Student petition to ban hate speech moronic
February 1, 2016
The extreme fundamentalist Christian group that preaches near the De Anza College cafeteria is disgusting, nauseating and offensive. But the petition attempting to ban this group is misguided, moronic and the least effective way of dealing with these preachers.
The main reason the preachers are allowed to loudly share their views in the middle of campus is a pesky little sentence called the First Amendment. In part, this sentence stops the government — including the college and district — from restricting both free speech and free assembly, so the preachers would have not one, but two of their constitutional rights violated by this ban.
School and district officials, both student and non-student representatives, are part of the government, so the ban would be government censorship.
Still, a De Anza student started an online petition,which received more than 500 signatures, seeking to remove the preachers. It was then discussed by both the DASB Senate and the FHDA Board of Trustees.
The petition mentions freedom of speech but then dismisses the idea saying, “… what this man was clearly promoting was hate speech…”
The thing is, when it comes to the First Amendment, there is no exemption allowing the government to restrict or outlaw hate speech. There is no legal definition of hate speech and attempts to ban what people consider hate speech have been repeatedly struck down by the Supreme Court.
While there is an exemption for speech that causes immediate physical violence and harm, telling people they’re going to hell when they die or yelling that someone is a bad person doesn’t count.
There is no doubt that the preachers are hateful and people, especially those the preachers single out, feel hurt and rightfully so. It’s truly shameful that these preachers hold, much less share, these views.
If history is any indication, the group could easily turn around and sue the Foothill— De Anza School District, win a settlement and come back to De Anza richer than before. So a ban would not just fail, but finance the group it was levied against.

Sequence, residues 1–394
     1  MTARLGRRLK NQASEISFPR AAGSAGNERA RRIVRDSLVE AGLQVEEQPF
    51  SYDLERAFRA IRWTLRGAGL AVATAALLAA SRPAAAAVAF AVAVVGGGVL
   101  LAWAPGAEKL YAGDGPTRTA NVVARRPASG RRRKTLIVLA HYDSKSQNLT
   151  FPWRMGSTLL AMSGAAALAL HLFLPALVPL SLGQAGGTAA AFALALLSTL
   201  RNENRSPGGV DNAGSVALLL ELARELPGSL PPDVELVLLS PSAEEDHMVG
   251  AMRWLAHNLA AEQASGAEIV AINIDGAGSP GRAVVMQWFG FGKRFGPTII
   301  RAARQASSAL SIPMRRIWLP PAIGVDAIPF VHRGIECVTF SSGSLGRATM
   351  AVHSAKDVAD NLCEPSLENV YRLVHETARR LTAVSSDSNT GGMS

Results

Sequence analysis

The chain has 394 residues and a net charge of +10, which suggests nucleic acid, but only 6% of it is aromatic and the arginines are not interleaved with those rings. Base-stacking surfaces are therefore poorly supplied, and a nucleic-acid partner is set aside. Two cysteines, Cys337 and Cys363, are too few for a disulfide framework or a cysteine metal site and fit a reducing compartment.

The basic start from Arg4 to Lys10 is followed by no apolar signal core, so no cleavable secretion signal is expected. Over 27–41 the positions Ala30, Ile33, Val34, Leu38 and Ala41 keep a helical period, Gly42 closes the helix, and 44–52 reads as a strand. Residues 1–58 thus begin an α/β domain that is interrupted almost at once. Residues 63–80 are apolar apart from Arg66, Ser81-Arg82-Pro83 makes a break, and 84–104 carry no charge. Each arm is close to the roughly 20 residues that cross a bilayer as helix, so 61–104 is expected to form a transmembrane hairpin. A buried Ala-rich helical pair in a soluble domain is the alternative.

This scenario is not just a hypothetical worst case scenario or pessimistic shot in the dark. It is an entirely plausible outcome that has happened before.
When the FHDA tried to restrict anti-abortion activists back in 2005, the activists sued over free speech violations and got paid in a settlement.
Even though the discussed ban would be counter productive, there are still ways to stop, or at least limit, the preachers from coming to campus. You’re never going to be able tocontrol what other people say and trying is futile, so focus on controlling what you can, how you respond.
Protesting the preachers is akin to posting on an internet message board; responses are neither rational nor constructive. Instead of getting your point across, you make the preachers feel vindicated and encourage them to return again because they know the students at De Anza are willing to pay attention.
What would be effective is if any time preachers came to De Anza, students ignored them and refused to give the preachers the attention they crave.
Next time the preachers are up on the stage in the main quad, just walk away. If you have to walk through the main quad, keep your eyes straight ahead and don’t stop to listen or respond. If you think you’ll be compelled to respond or don’t want to hear what the preachers are saying, go the long way around and put a building between you and the preachers.
Instead of removing the preachers from campus via ban and risking a lawsuit, a more elegant solution is to simply ignore the preachers until they go away.